Glossary of savings terms

Learn the lingo

Understanding the language used around saving and investing may sometimes be difficult. But worry no more – we have put together a glossary to help guide you through the most common terms.

Accounts, equities and funds

Accounts, equities and funds

Current account and savings account

A current account or a disposal account is a deposit account designed for managing your day-to-day finances. A savings account is meant for your savings and you can choose between a continuous or fixed-term savings account.  

Book-entry account

Book-entry securities are investments such as shares and bonds whose ownership is recorded electronically. 

Book-entry account and safe custody

An investor’s personal custody account for their book-entry and other securities. Book-entry securities are recorded in the customer’s book-entry account. Before you buy shares or other securities for the first time, your bank or brokerage company will conclude a safe custody agreement for you. You may open a separate equity savings account instead of or alongside a book-entry account.

Equity savings account

The equity savings account is a new type of account introduced on 1 January 2020. You can trade in listed shares with an equity savings account without having to instantly pay taxes on your returns from trading. Dividends also will not be taxed at the time they are paid into the equity savings account, so you can re-invest your dividend yields in full. (NB. Tax-at-source may be levied on dividends from foreign equities.) You only pay taxes on your returns once you withdraw assets from your equity savings account.

Asset class

Equities, fixed income instruments and cash are examples of asset classes. 


Security is a general term for a certificate or book-entry security such as a share, investment fund unit or bond.


A share represents a proportion of a limited liability company’s share capital. The share capital is divided into a certain number of shares. Shares are securities that the shareholder can usually sell or otherwise transfer to another person. A listed company’s shares are publicly traded on stock exchanges. This means you can buy or sell such shares in Nordea Netbank, for example. 

Limited liability company

Shares represent ownership interest held by shareholders in a limited liability company. A limited liability company is a company form. Its ownership is divided into a certain number of shares. In other words, shareholders get a number of shares that corresponds to the amount they have invested. The assets invested in the company by its owners comprise the share capital of the company.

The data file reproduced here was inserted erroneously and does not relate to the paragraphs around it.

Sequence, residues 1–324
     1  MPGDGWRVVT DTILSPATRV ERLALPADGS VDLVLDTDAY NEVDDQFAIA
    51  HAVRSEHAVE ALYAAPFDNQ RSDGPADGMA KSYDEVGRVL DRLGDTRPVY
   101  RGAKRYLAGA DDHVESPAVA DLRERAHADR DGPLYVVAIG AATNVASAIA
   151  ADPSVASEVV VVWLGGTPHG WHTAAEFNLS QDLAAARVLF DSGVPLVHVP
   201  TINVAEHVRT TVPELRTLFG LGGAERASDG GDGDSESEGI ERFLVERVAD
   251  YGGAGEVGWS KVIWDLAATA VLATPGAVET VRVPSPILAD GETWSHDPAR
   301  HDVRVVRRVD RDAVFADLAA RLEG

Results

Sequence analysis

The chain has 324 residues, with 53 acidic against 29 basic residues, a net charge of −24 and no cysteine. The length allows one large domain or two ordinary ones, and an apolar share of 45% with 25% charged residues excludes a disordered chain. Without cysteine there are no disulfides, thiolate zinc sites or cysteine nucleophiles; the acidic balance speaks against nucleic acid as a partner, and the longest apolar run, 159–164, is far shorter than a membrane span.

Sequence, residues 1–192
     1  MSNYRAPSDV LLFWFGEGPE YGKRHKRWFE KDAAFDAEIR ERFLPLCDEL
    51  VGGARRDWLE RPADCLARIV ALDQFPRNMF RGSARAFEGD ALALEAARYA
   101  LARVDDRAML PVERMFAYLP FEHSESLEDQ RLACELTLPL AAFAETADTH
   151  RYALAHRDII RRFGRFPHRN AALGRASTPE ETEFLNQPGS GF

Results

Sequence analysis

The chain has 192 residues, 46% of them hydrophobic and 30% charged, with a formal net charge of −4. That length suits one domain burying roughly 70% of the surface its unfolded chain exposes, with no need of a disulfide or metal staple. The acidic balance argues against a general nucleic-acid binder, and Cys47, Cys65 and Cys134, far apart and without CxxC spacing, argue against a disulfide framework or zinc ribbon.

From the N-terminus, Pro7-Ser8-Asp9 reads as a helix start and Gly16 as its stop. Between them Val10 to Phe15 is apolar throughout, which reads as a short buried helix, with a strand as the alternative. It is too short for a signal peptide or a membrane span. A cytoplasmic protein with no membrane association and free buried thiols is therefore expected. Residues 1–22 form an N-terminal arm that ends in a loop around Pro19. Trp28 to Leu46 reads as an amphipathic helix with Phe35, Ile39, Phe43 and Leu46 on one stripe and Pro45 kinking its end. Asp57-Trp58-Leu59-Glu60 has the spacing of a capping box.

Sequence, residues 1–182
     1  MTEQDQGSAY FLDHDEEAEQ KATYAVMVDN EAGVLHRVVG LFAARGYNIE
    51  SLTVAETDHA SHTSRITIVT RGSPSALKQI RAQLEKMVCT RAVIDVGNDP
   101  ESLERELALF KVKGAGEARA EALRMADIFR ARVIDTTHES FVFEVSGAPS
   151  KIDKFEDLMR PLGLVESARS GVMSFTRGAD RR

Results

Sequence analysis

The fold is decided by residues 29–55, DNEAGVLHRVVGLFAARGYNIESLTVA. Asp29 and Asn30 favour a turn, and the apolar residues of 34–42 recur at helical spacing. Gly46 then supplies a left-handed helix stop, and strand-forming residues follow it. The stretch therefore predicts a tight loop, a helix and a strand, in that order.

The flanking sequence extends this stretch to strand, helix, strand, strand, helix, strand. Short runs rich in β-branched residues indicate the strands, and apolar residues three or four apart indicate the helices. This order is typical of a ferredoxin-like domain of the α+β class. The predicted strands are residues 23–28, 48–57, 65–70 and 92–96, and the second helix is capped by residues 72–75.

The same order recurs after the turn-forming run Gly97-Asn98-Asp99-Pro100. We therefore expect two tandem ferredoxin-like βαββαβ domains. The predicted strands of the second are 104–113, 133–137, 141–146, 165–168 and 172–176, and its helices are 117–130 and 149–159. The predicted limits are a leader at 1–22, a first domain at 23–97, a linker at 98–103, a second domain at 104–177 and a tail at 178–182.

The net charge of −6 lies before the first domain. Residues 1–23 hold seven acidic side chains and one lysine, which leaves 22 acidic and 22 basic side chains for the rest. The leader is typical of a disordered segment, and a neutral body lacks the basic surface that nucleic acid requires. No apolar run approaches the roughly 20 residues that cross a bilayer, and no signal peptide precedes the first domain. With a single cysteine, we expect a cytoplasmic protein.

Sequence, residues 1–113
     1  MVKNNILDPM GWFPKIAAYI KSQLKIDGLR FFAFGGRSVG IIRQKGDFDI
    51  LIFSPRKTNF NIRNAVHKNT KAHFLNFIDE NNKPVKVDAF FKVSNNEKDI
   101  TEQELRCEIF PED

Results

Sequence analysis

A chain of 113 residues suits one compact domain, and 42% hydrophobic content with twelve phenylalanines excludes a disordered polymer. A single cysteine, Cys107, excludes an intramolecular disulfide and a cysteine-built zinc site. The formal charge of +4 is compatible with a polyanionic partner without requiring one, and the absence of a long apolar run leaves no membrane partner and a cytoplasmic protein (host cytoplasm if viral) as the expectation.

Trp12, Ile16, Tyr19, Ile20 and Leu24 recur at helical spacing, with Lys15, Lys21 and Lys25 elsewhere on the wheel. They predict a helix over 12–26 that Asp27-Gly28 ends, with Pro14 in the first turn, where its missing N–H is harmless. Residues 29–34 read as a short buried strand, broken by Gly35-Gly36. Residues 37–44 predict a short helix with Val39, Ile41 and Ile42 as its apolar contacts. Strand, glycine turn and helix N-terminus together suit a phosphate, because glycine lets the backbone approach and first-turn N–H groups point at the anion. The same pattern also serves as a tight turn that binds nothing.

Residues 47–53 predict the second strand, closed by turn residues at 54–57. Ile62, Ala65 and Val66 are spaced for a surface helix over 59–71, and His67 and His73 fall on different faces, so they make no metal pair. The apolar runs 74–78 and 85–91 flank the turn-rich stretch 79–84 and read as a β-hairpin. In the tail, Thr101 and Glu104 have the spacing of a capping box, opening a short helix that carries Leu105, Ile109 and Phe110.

Share price

The price of shares fluctuates. Anyone can buy and sell the shares of a listed company on a stock exchange. The price of a company’s share on a stock exchange is determined by supply and demand. Listed companies often have thousands of shareholders – many of them regular savers, i.e. small investors. When more people want to buy the share than to sell it, the share price goes up. And when more people want to sell the share than to buy it, the price goes down. This is called share price performance. 


A dividend is the distribution of a portion of the company’s earnings to its shareholders. If the company decides to distribute a portion of its earnings to its shareholders, each shareholder receives a dividend yield in proportion to their shareholding. Dividends are expressed as dividend per share. They are not always distributed, for example, if a company is doing poorly.

Fund, investment fund

An investment fund is made up of a big pool of money collected from many investors. Different types of funds invest in different types of markets. For example, a fixed-income fund mainly invests in the fixed-income market and an equity fund mainly invests in equities. A fund that invests in both the fixed-income market and the equity market is called a balanced fund. An investment fund may be a good option for beginner investors, as the fund is managed by professionals. This means that the investors do not have to monitor the markets or companies as closely as, for example, when investing directly in equities.

Fund units

The money in a fund is divided into equal shares that are called fund units. This means that each fund unit corresponds to a share of the fund’s total assets. When you invest in a fund, you are buying fund units. When you invest in a limited liability company, you are buying shares.

Fund saving

A way of saving in which you buy fund units with your savings. If you want to save in funds, you can invest a larger one-time lump sum or smaller amounts regularly – for example 20 euros a month. Monthly saving is a good way to grow your wealth in the long term.

Interest and return